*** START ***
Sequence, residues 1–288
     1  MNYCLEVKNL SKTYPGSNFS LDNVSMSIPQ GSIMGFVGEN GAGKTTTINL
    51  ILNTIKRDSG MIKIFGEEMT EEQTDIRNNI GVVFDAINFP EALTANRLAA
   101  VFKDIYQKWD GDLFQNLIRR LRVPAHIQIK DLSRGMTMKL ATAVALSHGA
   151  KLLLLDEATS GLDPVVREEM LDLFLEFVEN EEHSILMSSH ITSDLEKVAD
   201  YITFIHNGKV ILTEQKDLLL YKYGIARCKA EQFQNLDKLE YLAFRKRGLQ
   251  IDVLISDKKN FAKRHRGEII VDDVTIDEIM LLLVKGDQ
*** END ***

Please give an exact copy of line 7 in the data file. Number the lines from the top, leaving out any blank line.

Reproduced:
   251  IDVLISDKKN FAKRHRGEII VDDVTIDEIM LLLVKGDQ